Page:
New Delhi -°C
Today in New Delhi, India

Jul 06, 2020-Monday



Select Country
Select city
Home / Lucknow / 15th Finance Commission report: UP hopes to make up for marginal losses

15th Finance Commission report: UP hopes to make up for marginal losses

lucknow Updated: Feb 03, 2020 20:20 IST

The Uttar Pradesh government hopes the marginal losses the state is set to incur following implementation of the 15th Finance Commission’s report for 2020-2021 may be made up in the panel’s report for 2021-2022 to 2025-2026 that will be submitted later in 2020.

For now, the state government has begun working on the information to be sent to the panel in coming months.

“Yes, we hope Uttar Pradesh may get more than the earmarked share of 17.931% (against 17.959% by 14th Finance Commission) in the 15th Finance Commission’s report for 2020-2021. The Union government has extended the commission’s term by one year and the panel is expected to submit its final report by October 30, 2020. We will send all the necessary information being sought by the commission and hope to get more in the panel’s final report,” said a senior officer.

Finance minister Suresh Khanna also said he would say anything only once the state government got formal information from the commission.

“We will make our point once we get all the information,” said Khanna.

The state government’s optimism lies in the commission’s report observing, “This report for the year 2020-2021 outlines the broad features of public finances as well as opportunities and challenges that India faces over the short term. In the context of recent developments and the additional terms of reference (ToR), we have restricted our analysis and recommendations to the broad essentials of fiscal federalism- vertical and horizontal shares, revenue deficit grants, grants for local bodies and disaster risk management. We have also highlighted some of the areas of intervention that we will consider in greater detail in our final report as well as our expectations on fiscal reforms from the union and state governments.”

The15th Finance Commission has introduced demographic performance of states in the six point criteria recommended for horizontal devolution. The commission has given 15% weight to population, 15% to area, 10% to forest and ecology, 45% to income distance, 12.5% to demographic performance and 2.5% for tax effort.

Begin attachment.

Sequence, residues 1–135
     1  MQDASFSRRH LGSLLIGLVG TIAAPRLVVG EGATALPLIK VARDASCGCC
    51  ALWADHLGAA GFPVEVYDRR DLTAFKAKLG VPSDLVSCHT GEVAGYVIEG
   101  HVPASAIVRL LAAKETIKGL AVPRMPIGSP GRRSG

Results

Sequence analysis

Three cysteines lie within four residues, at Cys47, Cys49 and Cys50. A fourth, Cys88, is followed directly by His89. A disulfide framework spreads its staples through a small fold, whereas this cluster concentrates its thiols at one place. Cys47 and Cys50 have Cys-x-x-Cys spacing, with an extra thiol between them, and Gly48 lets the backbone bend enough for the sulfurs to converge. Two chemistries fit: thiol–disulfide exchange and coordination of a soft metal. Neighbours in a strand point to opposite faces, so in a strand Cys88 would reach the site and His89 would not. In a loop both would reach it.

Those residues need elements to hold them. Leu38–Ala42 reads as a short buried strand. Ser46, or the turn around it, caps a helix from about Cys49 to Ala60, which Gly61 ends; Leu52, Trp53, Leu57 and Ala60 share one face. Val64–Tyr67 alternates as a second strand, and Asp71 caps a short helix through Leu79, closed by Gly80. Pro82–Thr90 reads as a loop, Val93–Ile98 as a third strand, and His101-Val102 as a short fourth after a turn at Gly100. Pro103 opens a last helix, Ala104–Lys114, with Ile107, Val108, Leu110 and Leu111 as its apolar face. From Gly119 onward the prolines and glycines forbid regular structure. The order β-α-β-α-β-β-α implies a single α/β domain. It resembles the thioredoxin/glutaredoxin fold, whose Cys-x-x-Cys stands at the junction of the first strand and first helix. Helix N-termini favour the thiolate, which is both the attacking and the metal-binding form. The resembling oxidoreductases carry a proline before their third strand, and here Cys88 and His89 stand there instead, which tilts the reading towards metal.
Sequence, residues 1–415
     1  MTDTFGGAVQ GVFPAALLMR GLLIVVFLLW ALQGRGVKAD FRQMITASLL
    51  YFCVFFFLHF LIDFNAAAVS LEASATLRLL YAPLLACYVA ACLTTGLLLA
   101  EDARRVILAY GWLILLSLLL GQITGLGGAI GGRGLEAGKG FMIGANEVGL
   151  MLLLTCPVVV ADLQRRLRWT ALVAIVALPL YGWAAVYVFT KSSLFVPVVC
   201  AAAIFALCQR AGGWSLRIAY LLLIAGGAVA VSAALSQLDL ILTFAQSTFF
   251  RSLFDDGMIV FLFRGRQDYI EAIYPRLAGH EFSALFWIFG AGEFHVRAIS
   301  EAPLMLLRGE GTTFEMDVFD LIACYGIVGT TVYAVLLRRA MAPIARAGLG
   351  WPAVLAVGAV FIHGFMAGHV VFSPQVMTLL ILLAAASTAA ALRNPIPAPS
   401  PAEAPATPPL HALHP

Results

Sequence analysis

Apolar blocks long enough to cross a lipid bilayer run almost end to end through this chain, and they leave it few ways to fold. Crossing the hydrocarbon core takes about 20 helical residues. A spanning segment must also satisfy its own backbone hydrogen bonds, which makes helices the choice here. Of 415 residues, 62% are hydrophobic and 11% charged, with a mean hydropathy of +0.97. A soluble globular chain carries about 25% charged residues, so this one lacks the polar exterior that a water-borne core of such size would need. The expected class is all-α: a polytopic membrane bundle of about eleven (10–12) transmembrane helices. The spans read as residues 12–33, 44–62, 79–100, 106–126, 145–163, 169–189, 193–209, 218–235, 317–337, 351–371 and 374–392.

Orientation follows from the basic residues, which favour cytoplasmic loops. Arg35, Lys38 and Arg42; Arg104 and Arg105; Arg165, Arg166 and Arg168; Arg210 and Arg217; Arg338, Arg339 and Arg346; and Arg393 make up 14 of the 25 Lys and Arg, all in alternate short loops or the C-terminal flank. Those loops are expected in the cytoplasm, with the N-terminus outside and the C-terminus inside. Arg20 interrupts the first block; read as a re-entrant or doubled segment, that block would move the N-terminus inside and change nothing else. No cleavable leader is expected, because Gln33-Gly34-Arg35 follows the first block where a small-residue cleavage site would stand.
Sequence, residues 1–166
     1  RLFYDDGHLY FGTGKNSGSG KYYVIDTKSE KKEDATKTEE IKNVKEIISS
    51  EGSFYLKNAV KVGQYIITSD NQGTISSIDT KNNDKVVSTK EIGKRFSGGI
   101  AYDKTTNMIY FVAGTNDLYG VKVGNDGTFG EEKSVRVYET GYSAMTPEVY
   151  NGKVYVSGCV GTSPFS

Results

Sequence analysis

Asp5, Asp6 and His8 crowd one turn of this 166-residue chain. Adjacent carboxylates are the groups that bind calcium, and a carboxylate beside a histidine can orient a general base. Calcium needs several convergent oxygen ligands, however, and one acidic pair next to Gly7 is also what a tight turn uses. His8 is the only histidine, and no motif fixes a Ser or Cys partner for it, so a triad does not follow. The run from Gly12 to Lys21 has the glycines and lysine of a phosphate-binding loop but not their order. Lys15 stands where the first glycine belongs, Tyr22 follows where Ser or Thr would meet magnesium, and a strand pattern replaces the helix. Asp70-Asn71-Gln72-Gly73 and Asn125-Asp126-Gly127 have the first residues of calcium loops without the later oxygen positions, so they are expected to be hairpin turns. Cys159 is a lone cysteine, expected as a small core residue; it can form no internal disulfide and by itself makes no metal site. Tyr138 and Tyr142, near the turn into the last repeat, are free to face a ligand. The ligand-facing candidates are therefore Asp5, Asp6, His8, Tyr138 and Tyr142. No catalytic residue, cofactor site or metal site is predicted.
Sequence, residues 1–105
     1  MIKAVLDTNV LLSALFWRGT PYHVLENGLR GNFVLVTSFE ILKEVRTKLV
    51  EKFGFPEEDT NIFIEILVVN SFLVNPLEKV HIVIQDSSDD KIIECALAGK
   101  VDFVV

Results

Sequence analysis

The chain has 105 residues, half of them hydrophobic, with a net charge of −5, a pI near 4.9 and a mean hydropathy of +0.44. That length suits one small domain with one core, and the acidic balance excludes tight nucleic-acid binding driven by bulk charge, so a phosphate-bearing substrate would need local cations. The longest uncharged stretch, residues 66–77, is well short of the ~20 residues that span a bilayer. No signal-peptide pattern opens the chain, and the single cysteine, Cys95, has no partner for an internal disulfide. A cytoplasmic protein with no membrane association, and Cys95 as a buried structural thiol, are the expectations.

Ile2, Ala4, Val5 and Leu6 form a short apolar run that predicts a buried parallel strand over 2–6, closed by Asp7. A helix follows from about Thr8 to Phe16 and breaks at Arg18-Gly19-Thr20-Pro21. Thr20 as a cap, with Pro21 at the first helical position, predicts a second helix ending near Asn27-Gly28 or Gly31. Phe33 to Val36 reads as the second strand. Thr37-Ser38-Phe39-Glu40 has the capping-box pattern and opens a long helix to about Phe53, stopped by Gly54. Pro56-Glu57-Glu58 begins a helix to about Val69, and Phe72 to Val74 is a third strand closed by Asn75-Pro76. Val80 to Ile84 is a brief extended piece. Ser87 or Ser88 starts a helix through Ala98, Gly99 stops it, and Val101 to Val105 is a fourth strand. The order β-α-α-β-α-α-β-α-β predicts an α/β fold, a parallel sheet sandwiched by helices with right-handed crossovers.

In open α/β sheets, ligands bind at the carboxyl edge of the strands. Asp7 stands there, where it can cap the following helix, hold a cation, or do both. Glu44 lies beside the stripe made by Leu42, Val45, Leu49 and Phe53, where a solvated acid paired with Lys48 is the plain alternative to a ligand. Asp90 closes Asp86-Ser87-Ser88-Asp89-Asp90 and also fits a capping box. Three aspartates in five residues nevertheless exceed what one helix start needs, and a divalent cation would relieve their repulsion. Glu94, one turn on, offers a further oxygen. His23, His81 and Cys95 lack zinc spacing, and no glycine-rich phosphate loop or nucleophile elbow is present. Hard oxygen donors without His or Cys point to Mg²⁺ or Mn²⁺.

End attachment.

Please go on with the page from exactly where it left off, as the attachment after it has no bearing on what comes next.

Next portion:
The 14th Finance Commission had given 17.5% weight to population of 1971 and 10% weight to a population of 2011. It gave 15% weight to the area, 7.5% to forest cover and 50% to income distance.

Many southern states, in their memorandum given to the 15th Finance Commission, had raised concerns over the use of population data of 2011 for the purpose of devolution. Hence, the commission, in its report for 2020-2021, observed: “Their concern is that the states, which have controlled their population would be at a disadvantage, if the latest population data is used instead of population data from the 1971 Census….Para 8 of this commission’s terms of reference (ToR) specifies that the commission will use population data of 2011 while making recommendations… Our immediate predecessor the 14th Finance Commission had expressed the view that though the use of dated population data is unfair, it is bound by its ToR. This commission is of the view that fiscal equalisation being recommended by it is for the present needs of the states and this is best represented by the latest census data. Given the specific ToR to use 2011 population data, there is no further choice for this commission.”

The commission further observed, “In determining the vertical share of taxes, we have noted the compositional shift in the overall transfers to the states, and have continued with the previous approach of treating tax devolution as a more objective form of transfer of resources than other forms of transfer which are more discretionary. In determining the horizontal share of states, we have taken into account the performance of individual states both in the national objective of demography management and also in the collection of taxes. We have provided grants-in-aid for local bodies, disaster relief and for states with post devolution revenue deficit. We have refrained from giving state specific grants, but have provided a roadmap for sector specific grants and performance based incentives that we expect to address in greater detail in the final report.”

ht epaper

Sign In to continue reading